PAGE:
A Punk Rock Legend Returns to Star Trek and Other Familiar Faces

Star Trek: Picard The Watcher ICE punk rock comeback villains Image by Trae Patton via Paramount+

In ‘The Watcher,’ Guinan isn’t the only Star Trek legend to return to picard. Kirk Thatcher reprises his role as a “punk rock guy on a bus with a boombox” while listening to a very familiar song. Although it’s not the same punk rock jam as in star trek 4, it’s very similar and the singer assures the listener that he still hates “you”. Yet when he was reprimanded by Seven of Nine, he seems to have learned his lesson about community spaces and loud music. (Though you have to respect his commitment to boombox life in the age of streaming and digital music.) Plus, the last time fans of the genre saw Thatcher with a boombox was not in Star Trek but in Spider-Man: Homecoming standing next to the “Do a flip!” dude.

There are two big reveals in this episode. First, the Observer appears to be Laris, the Romulan housekeeper and potential romantic interest introduced in the first season of Star Trek: Picard. His ears are rounded, like a human, so this person may not be the same as Picard knows. It could also mean that Laris was never a Romulan refugee, but rather someone on Earth destined to protect the fate of someone important. This person appears to be the blonde woman at the end of the episode, watched not by Laris but by John De Lancie’s Q.

Star Trek: The Next Generation Lateral bar :

This unidentified woman is reading a novel by Dixon Hill, GNT holodeck fame. This is the second time in the episode that this character is mentioned. The novel, titled The pale son is from Tracy Torme – a GNT writer who left the series in the second season due to creative differences. Also, the title may be a reference to Tom Noonan’s villain The Pallid Man from 12 monkeys who dressed much like the figure on the cover of the book.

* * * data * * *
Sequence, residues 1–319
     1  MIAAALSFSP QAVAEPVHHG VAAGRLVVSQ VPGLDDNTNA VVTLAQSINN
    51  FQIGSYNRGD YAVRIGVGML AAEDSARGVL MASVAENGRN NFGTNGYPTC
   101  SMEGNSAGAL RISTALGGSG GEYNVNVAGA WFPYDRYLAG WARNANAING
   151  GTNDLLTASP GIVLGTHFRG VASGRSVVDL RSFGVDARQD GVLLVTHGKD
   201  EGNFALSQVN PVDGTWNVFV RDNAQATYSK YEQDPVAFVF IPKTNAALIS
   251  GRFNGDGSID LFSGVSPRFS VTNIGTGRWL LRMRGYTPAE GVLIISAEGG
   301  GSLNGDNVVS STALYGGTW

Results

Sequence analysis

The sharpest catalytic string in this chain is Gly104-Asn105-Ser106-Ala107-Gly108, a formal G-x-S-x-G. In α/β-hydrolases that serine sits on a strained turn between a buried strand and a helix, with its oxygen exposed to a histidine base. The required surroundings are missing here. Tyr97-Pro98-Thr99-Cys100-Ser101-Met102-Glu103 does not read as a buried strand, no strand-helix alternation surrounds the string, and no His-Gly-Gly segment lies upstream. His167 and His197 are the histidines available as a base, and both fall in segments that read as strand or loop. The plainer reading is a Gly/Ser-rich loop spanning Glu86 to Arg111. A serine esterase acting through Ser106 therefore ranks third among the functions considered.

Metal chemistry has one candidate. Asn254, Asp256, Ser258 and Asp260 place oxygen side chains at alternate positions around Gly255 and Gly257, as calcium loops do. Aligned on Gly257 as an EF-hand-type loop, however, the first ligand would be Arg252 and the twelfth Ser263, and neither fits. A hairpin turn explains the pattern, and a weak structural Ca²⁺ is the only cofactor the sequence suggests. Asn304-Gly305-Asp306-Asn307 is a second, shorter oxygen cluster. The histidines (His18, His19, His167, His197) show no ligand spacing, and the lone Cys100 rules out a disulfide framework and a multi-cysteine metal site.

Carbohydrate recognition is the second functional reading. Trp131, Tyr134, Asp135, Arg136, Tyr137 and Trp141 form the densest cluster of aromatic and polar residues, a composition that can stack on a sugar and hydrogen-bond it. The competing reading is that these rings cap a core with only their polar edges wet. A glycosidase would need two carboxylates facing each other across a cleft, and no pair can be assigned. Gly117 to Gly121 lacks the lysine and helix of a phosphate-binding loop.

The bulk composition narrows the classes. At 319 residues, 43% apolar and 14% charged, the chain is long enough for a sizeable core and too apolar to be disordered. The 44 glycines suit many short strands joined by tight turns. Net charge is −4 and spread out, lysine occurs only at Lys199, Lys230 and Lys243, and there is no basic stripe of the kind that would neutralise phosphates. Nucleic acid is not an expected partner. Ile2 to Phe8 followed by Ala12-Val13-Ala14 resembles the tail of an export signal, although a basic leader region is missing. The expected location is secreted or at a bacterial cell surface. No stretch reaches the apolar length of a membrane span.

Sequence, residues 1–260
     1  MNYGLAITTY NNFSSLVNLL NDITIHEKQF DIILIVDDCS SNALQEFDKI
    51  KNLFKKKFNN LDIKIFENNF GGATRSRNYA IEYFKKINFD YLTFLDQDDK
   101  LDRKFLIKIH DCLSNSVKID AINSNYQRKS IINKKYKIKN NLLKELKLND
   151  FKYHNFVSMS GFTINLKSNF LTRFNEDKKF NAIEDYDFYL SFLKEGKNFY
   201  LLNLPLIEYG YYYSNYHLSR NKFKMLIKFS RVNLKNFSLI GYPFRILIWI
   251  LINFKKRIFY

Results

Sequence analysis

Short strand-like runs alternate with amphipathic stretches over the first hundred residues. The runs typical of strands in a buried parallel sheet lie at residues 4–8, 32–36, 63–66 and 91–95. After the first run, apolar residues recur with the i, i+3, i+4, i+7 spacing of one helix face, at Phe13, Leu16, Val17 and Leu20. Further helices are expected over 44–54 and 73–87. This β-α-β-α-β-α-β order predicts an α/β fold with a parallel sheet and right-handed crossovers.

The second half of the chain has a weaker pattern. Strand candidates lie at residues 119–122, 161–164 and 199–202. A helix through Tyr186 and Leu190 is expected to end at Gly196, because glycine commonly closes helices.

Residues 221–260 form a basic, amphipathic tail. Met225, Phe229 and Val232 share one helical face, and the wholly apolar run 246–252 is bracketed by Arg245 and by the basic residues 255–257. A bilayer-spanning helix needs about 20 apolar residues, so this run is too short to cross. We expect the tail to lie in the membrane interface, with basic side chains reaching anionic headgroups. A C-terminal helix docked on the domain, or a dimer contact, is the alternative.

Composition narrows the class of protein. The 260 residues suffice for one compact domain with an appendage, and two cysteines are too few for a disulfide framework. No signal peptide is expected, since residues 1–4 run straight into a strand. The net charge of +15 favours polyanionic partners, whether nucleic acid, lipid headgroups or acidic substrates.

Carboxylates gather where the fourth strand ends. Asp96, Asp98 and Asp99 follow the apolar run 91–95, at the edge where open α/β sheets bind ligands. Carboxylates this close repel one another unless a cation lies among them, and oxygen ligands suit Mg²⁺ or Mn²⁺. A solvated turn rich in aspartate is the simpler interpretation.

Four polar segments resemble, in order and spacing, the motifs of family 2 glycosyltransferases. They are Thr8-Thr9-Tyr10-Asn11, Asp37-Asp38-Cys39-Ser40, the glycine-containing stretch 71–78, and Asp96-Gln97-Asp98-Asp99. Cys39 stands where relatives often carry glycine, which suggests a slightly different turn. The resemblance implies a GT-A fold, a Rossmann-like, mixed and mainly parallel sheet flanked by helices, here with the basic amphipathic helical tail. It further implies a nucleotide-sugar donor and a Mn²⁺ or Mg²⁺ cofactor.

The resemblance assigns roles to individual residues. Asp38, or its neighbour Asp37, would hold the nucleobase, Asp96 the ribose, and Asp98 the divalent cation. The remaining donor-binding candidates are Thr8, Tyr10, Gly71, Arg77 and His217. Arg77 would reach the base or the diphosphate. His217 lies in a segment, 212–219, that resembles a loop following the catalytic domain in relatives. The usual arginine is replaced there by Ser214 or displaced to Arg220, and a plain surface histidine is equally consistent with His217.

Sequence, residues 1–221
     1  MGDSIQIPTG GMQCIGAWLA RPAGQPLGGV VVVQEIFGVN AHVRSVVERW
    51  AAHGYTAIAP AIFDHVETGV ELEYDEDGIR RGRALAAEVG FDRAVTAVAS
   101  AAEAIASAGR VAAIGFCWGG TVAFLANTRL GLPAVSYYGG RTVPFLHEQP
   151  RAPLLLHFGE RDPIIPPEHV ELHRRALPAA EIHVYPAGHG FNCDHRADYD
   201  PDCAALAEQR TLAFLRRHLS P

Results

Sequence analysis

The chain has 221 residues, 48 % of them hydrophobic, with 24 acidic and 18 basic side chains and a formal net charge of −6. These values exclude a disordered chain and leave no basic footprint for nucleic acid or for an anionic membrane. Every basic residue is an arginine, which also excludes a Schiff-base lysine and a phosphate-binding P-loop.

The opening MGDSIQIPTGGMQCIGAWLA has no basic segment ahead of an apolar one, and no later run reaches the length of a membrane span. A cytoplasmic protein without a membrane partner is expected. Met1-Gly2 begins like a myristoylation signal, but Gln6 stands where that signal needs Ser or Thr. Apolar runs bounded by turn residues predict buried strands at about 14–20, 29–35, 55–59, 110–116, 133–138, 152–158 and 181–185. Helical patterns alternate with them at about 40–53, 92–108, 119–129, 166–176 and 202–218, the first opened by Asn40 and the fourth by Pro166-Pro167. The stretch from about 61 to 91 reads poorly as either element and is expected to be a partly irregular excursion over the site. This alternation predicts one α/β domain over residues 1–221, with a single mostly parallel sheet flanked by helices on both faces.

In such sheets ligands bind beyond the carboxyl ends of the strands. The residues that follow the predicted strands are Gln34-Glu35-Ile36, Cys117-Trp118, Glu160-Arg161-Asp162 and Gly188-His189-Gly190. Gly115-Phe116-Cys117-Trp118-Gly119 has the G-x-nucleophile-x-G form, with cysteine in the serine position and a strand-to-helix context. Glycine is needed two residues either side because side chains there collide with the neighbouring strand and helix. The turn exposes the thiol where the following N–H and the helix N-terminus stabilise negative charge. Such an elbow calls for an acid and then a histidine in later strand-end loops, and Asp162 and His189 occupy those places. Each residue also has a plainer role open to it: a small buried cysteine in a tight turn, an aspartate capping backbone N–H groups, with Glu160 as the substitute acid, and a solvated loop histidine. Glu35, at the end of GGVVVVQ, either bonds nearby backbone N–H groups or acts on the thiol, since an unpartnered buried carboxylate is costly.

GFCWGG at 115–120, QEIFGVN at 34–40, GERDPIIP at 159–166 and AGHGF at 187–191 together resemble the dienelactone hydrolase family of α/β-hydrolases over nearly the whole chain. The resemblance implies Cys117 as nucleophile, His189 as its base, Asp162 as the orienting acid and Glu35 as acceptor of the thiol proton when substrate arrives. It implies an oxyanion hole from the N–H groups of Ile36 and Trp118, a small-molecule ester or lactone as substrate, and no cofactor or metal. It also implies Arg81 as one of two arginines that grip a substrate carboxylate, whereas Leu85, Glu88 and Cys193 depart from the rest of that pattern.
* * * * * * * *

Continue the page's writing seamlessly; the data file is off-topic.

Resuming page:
More importantly, though, is that Q seems to be trying to do some of his sci-fi magic on her, and it doesn’t work. Q Is he stuck in the past and powerless? If so, that’s a very interesting wrinkle, and another suggestion that the two main antagonists – he and the Borg Queen – might have to work with our heroes to fix time and get home.

Star Trek: Picard launches new episodes Thursday on Paramount+.

Q snaps his fingers Image by Trae Patton via Paramount+

What did you think of “The Watcher” episode of Star Trek: Picard and do you agree that ICE were the real bad guys in this episode? Did you recognize the punk rock guy from star trek 4? Also, what other 12 monkeys easter eggs have you found the series fans? Share your thoughts, theories, and reactions in the comments below.

Featured image by Trae Patton via Paramount+

Joshua M. Patton is a father, veteran, and writer living in Pittsburgh, Pennsylvania. The first books he read on his own were comics, and he’s loved the medium ever since. He is the galaxy’s greatest star pilot, a cunning warrior, and a good friend. His superhero short story book, Tales of Adventure & Fantasy: Book One is available as an e-book or paperback on Amazon.

Diana J. Carleton